Android Apps of the Week: Permissions Manager, NumberSnap, and More

Never forget a face, never miss a draft, and never let apps get personal info you don't want them to, all in this week's best Android apps.


Permissions Manager: When you install an app on Android, you're asked to agree to a host or permissions which the software requires—but there's no option to tweak them. Now, Android Police has discovered a new feature in Android 4.3 which lets you do just that. Called Apps Ops, the feature is baked into Android 4.3—though it's also currently hidden by default. Still, a new third-party app called Permissions Manager brings it to life, allowing to fine-tune what other apps on your phone get access to. So, you can selectively choose for apps to read your contacts, access location, whatever. Or not, as the case may be. [Free]

Yahoo Fantasy Sports: If you're already a fantasy sports fan, chances are you've used Yahoo's Fantasy Sports app before. The most notable change is the ability to take care of Draft Day entirely on your phone. You'll be able to make mock rosters in preparation for the actual day as well as pick players, set up your queue, check results, and talk to other players all throughout. And just as before, you'll still be able to follow your team with live scoring, manage your roster, get notifications for news alerts, chat on message boards, etc. [Free]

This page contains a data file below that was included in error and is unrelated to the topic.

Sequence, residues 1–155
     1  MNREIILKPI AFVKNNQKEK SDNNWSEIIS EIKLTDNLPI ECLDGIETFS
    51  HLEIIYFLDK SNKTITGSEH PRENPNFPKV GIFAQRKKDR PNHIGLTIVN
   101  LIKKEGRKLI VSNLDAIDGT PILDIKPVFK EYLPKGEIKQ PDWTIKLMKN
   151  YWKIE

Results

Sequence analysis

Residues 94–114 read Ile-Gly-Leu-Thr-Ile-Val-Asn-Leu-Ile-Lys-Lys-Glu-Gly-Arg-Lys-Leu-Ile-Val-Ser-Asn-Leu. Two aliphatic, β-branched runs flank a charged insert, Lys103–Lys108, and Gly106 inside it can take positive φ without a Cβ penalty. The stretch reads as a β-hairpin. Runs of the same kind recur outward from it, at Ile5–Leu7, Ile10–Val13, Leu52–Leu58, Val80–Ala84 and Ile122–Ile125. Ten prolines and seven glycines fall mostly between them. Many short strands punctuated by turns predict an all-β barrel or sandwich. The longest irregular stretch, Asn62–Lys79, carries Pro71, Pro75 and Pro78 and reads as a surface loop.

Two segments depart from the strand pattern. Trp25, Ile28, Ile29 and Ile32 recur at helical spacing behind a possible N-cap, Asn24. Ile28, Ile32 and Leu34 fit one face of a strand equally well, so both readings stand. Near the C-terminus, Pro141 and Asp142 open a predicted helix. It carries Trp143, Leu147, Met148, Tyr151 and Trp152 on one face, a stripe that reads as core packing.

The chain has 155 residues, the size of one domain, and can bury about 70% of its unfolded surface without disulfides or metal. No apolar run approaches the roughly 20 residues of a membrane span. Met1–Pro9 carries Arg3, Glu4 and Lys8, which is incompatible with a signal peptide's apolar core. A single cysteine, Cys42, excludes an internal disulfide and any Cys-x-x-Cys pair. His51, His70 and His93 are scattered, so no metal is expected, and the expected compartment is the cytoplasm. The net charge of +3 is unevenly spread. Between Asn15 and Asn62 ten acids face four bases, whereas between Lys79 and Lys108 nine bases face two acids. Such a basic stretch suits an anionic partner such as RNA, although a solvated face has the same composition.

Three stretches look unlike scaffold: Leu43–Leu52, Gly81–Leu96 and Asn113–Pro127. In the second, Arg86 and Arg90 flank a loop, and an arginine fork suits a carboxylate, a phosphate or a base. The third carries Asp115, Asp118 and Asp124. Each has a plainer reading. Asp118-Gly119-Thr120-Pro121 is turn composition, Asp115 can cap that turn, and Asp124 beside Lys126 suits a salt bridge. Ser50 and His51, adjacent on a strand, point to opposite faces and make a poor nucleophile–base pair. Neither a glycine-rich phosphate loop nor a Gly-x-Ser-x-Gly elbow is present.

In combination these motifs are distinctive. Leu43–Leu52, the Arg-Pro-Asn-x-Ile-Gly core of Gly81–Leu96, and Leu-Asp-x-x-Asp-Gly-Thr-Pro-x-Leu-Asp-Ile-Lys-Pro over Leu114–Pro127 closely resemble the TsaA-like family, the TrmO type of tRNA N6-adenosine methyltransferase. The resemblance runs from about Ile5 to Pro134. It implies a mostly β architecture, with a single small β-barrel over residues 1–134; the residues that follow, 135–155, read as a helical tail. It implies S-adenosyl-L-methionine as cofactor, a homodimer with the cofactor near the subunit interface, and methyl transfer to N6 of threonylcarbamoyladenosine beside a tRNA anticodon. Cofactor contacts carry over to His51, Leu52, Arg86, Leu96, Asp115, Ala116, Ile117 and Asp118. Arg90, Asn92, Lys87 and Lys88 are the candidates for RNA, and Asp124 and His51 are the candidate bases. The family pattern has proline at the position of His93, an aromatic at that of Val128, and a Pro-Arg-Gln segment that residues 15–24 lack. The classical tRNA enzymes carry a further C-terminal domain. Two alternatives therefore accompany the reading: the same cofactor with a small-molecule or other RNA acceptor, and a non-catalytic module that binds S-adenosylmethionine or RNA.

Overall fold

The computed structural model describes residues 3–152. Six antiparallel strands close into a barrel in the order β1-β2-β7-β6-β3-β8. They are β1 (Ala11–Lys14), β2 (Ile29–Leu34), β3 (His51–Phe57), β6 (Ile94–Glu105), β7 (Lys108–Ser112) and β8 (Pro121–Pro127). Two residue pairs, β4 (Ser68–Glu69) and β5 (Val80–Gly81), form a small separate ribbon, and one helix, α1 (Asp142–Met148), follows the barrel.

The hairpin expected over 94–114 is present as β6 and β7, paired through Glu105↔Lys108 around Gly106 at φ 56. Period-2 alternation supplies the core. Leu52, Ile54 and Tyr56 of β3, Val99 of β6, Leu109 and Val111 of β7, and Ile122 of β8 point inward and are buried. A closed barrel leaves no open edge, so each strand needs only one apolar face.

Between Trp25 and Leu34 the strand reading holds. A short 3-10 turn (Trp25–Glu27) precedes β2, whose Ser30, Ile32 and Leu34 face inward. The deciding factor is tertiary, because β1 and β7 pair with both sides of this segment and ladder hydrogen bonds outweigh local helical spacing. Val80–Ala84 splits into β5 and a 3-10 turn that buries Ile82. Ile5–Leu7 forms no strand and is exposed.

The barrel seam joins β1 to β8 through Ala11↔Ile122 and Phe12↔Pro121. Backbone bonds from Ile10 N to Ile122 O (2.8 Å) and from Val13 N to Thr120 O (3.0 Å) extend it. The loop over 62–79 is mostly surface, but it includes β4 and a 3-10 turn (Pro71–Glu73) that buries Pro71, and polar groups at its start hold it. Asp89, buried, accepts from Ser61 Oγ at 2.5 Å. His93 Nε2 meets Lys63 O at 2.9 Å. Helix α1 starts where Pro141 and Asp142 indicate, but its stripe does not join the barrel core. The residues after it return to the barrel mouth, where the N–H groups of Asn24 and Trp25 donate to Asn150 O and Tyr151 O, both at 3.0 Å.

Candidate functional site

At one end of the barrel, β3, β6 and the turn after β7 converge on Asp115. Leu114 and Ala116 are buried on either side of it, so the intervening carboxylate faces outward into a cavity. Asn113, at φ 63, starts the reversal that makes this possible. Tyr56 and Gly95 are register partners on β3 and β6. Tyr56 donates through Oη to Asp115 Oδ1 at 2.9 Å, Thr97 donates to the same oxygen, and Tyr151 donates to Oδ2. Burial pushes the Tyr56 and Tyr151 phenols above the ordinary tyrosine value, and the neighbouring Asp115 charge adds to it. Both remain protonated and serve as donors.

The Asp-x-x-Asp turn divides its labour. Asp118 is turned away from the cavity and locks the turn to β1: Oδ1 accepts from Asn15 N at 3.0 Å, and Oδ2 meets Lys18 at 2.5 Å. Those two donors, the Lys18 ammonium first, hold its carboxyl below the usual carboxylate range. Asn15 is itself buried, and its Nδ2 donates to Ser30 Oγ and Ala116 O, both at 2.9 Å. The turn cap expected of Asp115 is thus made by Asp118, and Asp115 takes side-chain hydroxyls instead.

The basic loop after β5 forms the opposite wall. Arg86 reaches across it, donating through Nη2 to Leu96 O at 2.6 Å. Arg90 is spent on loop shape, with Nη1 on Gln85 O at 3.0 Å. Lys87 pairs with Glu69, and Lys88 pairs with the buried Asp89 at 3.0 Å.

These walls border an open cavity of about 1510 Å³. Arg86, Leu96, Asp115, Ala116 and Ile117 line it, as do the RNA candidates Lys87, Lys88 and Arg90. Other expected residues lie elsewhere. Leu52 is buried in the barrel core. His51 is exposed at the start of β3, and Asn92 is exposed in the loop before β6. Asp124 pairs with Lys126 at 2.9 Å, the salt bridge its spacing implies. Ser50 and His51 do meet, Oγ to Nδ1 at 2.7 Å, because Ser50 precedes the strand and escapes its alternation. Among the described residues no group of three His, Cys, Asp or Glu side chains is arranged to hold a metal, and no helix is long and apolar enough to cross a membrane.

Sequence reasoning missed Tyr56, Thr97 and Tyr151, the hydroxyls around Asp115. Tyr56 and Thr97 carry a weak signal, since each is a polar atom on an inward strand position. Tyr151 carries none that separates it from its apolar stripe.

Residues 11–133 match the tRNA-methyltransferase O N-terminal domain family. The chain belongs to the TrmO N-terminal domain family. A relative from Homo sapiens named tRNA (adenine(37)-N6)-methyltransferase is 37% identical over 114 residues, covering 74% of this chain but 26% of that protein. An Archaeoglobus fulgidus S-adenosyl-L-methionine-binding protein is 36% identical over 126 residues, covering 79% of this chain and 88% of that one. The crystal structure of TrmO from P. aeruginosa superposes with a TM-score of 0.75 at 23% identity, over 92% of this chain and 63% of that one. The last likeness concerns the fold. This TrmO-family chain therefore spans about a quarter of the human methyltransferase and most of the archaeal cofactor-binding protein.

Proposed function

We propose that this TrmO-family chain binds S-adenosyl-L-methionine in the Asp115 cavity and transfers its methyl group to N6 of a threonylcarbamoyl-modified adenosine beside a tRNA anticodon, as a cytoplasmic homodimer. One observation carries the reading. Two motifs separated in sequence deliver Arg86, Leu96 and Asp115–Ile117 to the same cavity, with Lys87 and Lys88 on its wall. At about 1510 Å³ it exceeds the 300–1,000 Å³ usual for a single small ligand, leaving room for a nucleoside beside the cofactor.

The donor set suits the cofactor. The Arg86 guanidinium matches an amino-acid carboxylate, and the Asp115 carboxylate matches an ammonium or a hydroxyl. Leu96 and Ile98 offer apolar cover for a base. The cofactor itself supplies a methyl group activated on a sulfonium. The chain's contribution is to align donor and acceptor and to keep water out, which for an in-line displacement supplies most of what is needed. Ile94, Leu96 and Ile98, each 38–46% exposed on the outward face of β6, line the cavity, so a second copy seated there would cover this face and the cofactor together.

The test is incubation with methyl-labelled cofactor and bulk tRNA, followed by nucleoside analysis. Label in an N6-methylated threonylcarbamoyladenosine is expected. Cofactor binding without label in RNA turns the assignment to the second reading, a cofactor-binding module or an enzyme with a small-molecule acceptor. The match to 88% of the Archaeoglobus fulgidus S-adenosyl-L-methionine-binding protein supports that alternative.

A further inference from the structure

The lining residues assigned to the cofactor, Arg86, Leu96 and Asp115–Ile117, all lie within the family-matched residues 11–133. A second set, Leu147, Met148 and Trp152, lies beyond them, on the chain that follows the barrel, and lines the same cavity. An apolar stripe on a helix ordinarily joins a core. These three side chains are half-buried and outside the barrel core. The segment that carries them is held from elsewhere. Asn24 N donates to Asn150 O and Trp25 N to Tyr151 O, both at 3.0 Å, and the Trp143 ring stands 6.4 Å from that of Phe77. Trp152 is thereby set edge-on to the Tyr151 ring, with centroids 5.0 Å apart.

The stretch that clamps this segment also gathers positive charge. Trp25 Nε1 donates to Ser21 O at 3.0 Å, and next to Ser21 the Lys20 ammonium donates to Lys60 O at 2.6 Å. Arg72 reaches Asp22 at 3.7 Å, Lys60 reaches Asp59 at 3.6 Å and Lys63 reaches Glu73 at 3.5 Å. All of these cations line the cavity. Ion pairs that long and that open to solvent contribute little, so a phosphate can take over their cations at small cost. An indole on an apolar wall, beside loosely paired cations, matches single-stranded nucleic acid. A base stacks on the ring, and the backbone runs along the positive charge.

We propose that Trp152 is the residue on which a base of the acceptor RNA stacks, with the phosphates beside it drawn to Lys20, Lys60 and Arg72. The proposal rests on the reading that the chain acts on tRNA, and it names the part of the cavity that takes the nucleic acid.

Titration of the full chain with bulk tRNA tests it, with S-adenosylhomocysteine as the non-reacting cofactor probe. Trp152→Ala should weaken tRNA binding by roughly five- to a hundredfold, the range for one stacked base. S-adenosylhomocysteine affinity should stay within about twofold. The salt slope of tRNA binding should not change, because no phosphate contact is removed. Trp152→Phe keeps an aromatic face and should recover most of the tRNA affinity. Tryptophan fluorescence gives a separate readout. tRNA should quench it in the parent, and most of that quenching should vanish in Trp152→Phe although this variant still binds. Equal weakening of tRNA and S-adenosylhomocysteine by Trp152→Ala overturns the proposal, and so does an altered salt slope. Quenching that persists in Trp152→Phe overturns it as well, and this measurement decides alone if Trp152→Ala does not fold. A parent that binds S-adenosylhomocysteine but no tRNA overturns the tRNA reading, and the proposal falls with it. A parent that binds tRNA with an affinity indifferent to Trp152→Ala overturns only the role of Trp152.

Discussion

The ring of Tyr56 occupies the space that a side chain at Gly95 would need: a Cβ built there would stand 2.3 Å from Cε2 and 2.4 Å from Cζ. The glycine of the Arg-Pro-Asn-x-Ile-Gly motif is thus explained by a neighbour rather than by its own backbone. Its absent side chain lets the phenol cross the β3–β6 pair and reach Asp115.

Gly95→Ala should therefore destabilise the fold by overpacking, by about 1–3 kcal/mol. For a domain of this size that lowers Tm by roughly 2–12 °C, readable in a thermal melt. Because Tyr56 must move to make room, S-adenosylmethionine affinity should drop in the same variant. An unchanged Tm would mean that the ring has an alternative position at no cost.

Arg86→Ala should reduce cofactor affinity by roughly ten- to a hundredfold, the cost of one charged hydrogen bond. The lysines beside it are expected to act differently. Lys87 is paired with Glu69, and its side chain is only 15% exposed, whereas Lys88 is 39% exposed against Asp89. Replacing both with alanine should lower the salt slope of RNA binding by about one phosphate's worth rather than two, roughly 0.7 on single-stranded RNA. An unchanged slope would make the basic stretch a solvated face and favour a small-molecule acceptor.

iHeartRadio Talk: Talk radio over iHeartRadio. It launches today, giving you access to 50,000 "audiosodes" of talk radio including Good Morning America, TED Talks, and Ryan Seacrest. If that's not a silent majority selection, I don't know what is. In once nice touch, you'll be able to curate your own Daily Pulse station, that'll automatically play you popular daily selections from the stuff you like—so, like, a personal radio station of talk radio. [Free]


NumberSnap: This is a clever, if not slightly creepy, way to to make sure you never forget a face. Just open up the app when you need to enter a new number, pass it to your new future best friend, and as they enter their contact info, the app will snap a pic with your phone's front-facing camera, putting a name with a face forever. And assuming that you don't want the app alerting your new peer that their photo is being taken whether they like it or not, you can turn on "stealth mode," which is creepy, yes, but also helps make sure you don't call a relationship before it even starts. [$1]

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